Adventurous types can hike around the crater rim of the extinct volcano or through Nikau Palm Gully, a pocket of forest where along with exploring the diversity of flora and fauna you can visit the top of a stunning waterfall that drops down onto an inaccessible beach.

And, if all that seems like too much hard work, you can join me kicking back with a bottle glass of local wine or the finest French bubbles in one of the many quaint cafes.  Santé!

 

Disclosure: Mama Eats World visited Akaroa courtesy of Emirates on the A380 Service from Sydney To Christchurch  however all croissant and baguette noshing, and opinions remain her own.

13 Comments on Akaroa New Zealand: Vive la difference

  1. nathalie salcedo
    November 19, 2017 at 4:33 pm (7 months ago)

    I like the idea of having to swim with the dolphins 😀 I think that would be a great experience too.
    Given the opportunity, I’d like to hike as well with your recommended site 😀 truly informational. Thanks!

    Reply
    • BOYEATSWORLD
      November 20, 2017 at 11:19 am (7 months ago)

      Thank you so much. I didn’t get to swim with them this time but will definitely be back to just that next year

      Reply
  2. Medha Verma
    November 19, 2017 at 5:38 pm (7 months ago)

    Wow, New Zealand is gorgeous and it is great always to stumble upon hidden gems. This French town in the middle of NZ looks absolutely charming, with such amazing scenery! Your pictures are fantastic.

    Reply
    • BOYEATSWORLD
      November 20, 2017 at 11:19 am (7 months ago)

      Thank you. It is a gem.

      Reply
  3. Marvi
    November 19, 2017 at 7:15 pm (7 months ago)

    Akaroa is so charming! Love the laid back vibe of the town including those seagulls! I wouldn’t say no to swimming with the dolphins, too! 😉 And that history! Imagine acquiring an entire peninsula for a couple of bucks! 😀

    Reply
    • BOYEATSWORLD
      November 20, 2017 at 11:20 am (7 months ago)

      The history is fascinating and yep, a few bucks for a peninsula is pretty good by today’s prices LOL

      Reply
  4. Shivani
    November 20, 2017 at 5:47 pm (7 months ago)

    A French town hidden right in the middle of NZ is something of a place I would love to explore. Although NZ has its own charm, a little village with a different tone is to look forward to! Impressive that they’ve kept the French charm alive in those houses, churches and those bakeries, I miss authentic croissants already 😀 These pictures make me want to pack my bags and grab a ticket 🙂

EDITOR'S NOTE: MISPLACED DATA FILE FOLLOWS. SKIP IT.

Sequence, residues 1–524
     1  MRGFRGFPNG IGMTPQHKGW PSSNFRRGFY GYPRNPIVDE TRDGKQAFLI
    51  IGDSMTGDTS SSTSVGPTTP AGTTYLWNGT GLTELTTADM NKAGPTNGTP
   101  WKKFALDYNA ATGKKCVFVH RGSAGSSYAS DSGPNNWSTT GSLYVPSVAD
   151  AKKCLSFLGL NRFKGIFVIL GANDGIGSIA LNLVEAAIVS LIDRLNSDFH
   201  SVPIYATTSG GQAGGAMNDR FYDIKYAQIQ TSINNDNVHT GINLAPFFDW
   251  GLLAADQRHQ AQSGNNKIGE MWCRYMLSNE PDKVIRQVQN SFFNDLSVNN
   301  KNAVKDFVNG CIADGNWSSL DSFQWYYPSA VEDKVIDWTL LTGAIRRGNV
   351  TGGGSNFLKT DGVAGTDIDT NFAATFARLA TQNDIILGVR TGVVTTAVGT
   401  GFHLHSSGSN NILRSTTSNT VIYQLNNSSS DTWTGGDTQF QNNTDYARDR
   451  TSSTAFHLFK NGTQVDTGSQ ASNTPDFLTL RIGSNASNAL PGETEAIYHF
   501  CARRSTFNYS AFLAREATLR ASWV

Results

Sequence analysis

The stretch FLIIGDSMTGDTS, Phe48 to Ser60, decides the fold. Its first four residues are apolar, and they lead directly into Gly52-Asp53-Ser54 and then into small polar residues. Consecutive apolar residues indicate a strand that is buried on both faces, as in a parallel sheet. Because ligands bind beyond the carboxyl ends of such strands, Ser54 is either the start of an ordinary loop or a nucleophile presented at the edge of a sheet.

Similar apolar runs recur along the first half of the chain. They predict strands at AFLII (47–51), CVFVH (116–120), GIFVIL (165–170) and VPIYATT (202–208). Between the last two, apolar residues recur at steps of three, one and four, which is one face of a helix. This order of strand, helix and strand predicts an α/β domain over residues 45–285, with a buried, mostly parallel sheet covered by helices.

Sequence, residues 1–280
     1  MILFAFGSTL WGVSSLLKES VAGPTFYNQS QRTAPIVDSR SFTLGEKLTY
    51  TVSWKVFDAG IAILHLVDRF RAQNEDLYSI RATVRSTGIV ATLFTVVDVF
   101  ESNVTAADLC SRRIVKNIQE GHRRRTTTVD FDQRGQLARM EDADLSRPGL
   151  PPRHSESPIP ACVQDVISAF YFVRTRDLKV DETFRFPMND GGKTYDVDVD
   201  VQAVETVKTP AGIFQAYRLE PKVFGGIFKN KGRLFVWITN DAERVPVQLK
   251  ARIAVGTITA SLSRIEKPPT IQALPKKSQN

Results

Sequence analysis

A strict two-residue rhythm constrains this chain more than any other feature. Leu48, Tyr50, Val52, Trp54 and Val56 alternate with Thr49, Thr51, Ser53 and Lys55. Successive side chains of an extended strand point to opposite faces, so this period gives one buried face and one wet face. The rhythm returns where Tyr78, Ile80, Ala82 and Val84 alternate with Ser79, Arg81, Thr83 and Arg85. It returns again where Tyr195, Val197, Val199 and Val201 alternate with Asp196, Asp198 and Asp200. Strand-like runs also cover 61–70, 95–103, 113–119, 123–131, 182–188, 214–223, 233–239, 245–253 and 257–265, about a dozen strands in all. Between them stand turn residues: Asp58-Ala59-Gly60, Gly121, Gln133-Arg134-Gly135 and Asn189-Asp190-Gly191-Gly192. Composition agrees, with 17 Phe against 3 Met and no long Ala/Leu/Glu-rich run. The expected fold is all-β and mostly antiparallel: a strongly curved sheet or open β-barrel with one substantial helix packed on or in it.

Reply
  5. Lorraine @ Not Quite Nigella
    November 20, 2017 at 7:30 pm (7 months ago)

    Wow he must have been very persuasive to be able to negotiate both those deals! I’ve heard so much about Akaroa but not the story behind it.

    Reply
  6. Food Shot
    November 21, 2017 at 1:55 pm (7 months ago)

    I would love to visit New Zealand (even though it’s only a 3 hour flight from Sydney), and when I do I have some places to tick off thanks to you Aleney!

    Reply
  7. Kate
    November 21, 2017 at 4:46 pm (7 months ago)

    This is so interesting! I had no idea that there was a little French enclave in New Zealand. The scenery as usual is gorgeous, but I feel like that’s consistent across the whole country. Do they speak French there or is it just more of the cultural influence?

    Reply
  8. Jitaditya
    November 22, 2017 at 4:20 am (7 months ago)

    I love the sheer combination of French influence and typican Kiwi landscape! I won’t go so far as to say that I am also a Francophile I do have an ineterst in them. Sadly, I have mostly seen the French through films and literature rather than in real life. That is why I would like to be in some place like this.

    Reply
  9. Ami Bhat
    November 23, 2017 at 12:06 am (7 months ago)

    I think I like this whole mix of cultures and that is what makes the place charming. Besides that there seems to be plenty to do…as you said, I am the adventurous one and would love that hiking trail. Of course, the glass of wine is always welcome after I am done ; )

    Reply
  10. Debra Schroeder
    November 23, 2017 at 1:15 am (7 months ago)

    Akaroa looks adorable and who can resist freshly baked baguettes. We’re hoping to get to New Zealand next year and have added it to our list. Nike Palm Gully sounds like a great spot for awesome photos.

    Reply